All persons with MJD have the same disease gene mutation: a DNA repeat expansion in the ATXN3 gene. The wide range in symptoms among affected individuals led researchers to separate the disease into distinct types that are broadly distinguished by age of onset and range of symptoms.
Type I MJD is characterized by onset between about 10 and 30 years of age, with faster progression and more dystonia and rigidity than ataxia.
Type II, the most common type of MJD, generally begins between the ages of about 20 and 50 years, has an intermediate rate of progression, and causes various symptoms, including prominent ataxia, spastic gait, and enhanced reflex responses.
Individuals affected by Type III MJD have the latest onset of disease (beginning between approximately 40 and 70 years of age) which progresses relatively slowly and is characterized as much by peripheral neuromuscular involvement (muscle twitching, weakness, atrophy, and abnormal sensations such as numbness, tingling, cramps, and pain in the hands and feet) as by ataxia.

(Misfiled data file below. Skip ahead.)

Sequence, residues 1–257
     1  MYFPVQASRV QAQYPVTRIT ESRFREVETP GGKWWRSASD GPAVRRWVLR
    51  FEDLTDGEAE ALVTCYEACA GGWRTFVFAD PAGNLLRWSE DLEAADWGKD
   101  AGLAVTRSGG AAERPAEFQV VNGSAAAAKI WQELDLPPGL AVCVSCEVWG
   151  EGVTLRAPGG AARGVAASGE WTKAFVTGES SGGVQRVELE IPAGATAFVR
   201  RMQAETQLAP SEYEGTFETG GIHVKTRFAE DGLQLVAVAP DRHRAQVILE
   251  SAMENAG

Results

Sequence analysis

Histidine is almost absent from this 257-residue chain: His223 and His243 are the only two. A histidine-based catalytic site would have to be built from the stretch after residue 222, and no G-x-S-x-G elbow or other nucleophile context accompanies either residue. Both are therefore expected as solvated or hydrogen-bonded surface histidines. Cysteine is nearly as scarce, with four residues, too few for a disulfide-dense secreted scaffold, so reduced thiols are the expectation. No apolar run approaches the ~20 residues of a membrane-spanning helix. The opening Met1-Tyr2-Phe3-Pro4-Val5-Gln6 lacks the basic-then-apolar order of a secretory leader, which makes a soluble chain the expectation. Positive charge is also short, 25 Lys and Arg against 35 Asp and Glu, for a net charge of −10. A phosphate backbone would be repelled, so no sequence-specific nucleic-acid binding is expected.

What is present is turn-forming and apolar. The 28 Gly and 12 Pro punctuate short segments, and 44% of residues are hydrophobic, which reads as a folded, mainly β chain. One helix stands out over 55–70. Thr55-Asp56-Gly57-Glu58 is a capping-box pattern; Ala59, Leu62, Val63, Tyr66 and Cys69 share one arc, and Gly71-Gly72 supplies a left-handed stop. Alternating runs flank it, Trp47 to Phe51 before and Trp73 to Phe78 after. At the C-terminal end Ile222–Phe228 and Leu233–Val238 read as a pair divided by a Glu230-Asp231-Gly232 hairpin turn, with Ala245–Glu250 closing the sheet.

Most individuals with MJD, but especially those with types I and II, experience one or more problems with vision, including double vision or blurred vision, loss of ability to distinguish color and/or contrast, and inability to control eye movements. Some individuals also experience prominent Parkinson’s disease-like symptoms, such as slowness of movement, rigidity or stiffness of the limbs and trunk, and tremor or trembling in the hands.
Symptoms of Machado Joseph Disease is characterized by slowly progressive clumsiness in the arms and legs, difficulty with speech and swallowing, impaired eye movements sometimes accompanied by double vision or bulging eyes, and lower limb spasticity.read more
Machado Joseph Disease: In the SCAs, of which nearly 30 separate genetic causes have been identified, degeneration of cells in the hindbrain leads to impaired coordination of movement.read more